Los Angeles Memorial Coliseum

Home to current tenant University of Southern California (USC), it was first opened in 1923. It was also a long-time home to University of California, Los Angeles from 1933-1981, as well as both L.A.-based NFL teams. The Los Angeles Rams called it home from 1946-1979, and the most recent version of the team starting in 2016. The Raiders played there also from 1982-1994 before they moved to Oakland. The stadium also played host to the Olympics, twice, in 1932 and again in 1986, and has been rumored again for the 2024 games. The stadium was named a national historic site in 1984.

Estadio Azteca

The only Mexican venue on our list, Estadio Azteca is truly a marvel in the football (soccer) world. Located in a suburb of Mexico City, the stadium is the only to host two World Cup Finals, in 1970 and again in 1986—not to mention, it was the site of the infamous “Hand of God” goal from Diego Maradona. With a capacity in excess of 87,000, it remains as the largest venue in Mexico.

Maple Leaf Gardens

The second primarily hockey arena to make our list, Maple Leaf Gardens was the long-time home of the NHL’s Toronto Maple Leafs from 1931 to 1999. The Leafs won the Stanley Cup 11 times during their time at Maple Leaf Gardens. It hosted the second game in the legendary Cold War-driven Summit Series between Canada and The Soviet Union. The arena also had many non-hockey events as well, including the renowned Muhammad Ali-George Chuvalo fight.

Indianapolis Motor Speedway

Located in the aptly-named Speedway, Indiana outside of Indianapolis, the Indiana Motor Speedway is home to racing’s most historic name—The Indy 500. With a peak seating capacity of 400,000, it is the world’s biggest sports venue. Built in 1909, it was declared a national historic site in 1987. The Speedway also hosts NASCAR’s Brickyard 400, and was the one-time host of Formula One’s United States Grand Prix.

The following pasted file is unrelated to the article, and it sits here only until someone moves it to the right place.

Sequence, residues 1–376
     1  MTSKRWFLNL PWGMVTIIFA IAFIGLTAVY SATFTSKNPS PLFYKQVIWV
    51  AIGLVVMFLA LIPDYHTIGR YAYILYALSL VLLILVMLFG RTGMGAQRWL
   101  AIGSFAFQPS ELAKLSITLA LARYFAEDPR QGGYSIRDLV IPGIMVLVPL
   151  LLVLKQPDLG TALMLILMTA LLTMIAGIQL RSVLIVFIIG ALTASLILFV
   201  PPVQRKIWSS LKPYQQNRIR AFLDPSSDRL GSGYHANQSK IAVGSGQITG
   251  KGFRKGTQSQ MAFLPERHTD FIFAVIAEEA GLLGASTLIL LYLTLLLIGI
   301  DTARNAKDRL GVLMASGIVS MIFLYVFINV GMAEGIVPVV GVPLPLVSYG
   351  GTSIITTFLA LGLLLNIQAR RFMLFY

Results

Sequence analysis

Rose Bowl Stadium

Found just outside of Los Angeles in Pasadena, the stadium has been well used for football. Its signature Rose Bowl has been played since 1902, and uninterrupted for 100 years (1916), and is the oldest bowl game in college football. For the past 32 years, it has been home to college football’s UCLA Bruins. It has played host to five Super Bowl games. As the venue for the 1984 Olympic gold medal soccer match as well as the 1994 World Cup final and 1999 Women’s World Cup final, it has seen its fair share of important soccer matches.

Boston Garden

Originally called Boston Madison Square Garden after its New York-based counterpart, it became known as the Boston Garden. It survived for 70 years, from 1928-1998 when it was destroyed to make way for what is now called the TD Garden. Originally home to the Boston Bruins and later the Celtics, the arena has hosted countless championship games—17 Stanley Cups and 19 NBA Championships were staged there.

Michigan Stadium

Aptly named “The Big House”, Michigan Stadium is the biggest stadium in the United States, and the second biggest in the world. Built in 1927, the University of Michigan Wolverines have enjoyed home field advantage since. The stadium lists a capacity of 107,000, though a game against Notre Dame in 2013 had over 115,000 in attendance. The stadium has hosted many non-football events, including the recent hockey game between the Toronto Maple Leafs and Detroit Red Wings, which had an official attendance of over 105,000.

Augusta National

Since 1934, Augusta has played home to perhaps the most renowned of the four major golf tournaments in the world—The Masters. The course is known for several distinctive holes, which have provided the backdrop for some of golf’s most historic moments. The back part of the 11th, the 12th, and the opening shots off the 13th tee have become known as “Amen Corner”, so named after a Sports Illustrated article. There are three bridges on the course, named after Byron Nelson, Gene Sarazen, and Ben Hogan. It was at Augusta in 1997 that Tiger Woods began a legendary run of play, beginning with a 12-stroke Master’s title.

Honorable Mentions: Astrodome, Dodgers Stadium, Texas Stadium, Joe Louis Arena, Three Rivers Stadium, Notre Dame Stadium, Ohio Stadium, Daytona Speedway, Louisiana Superdome, Cameron Indoor, Allen Fieldhouse

Main image credit: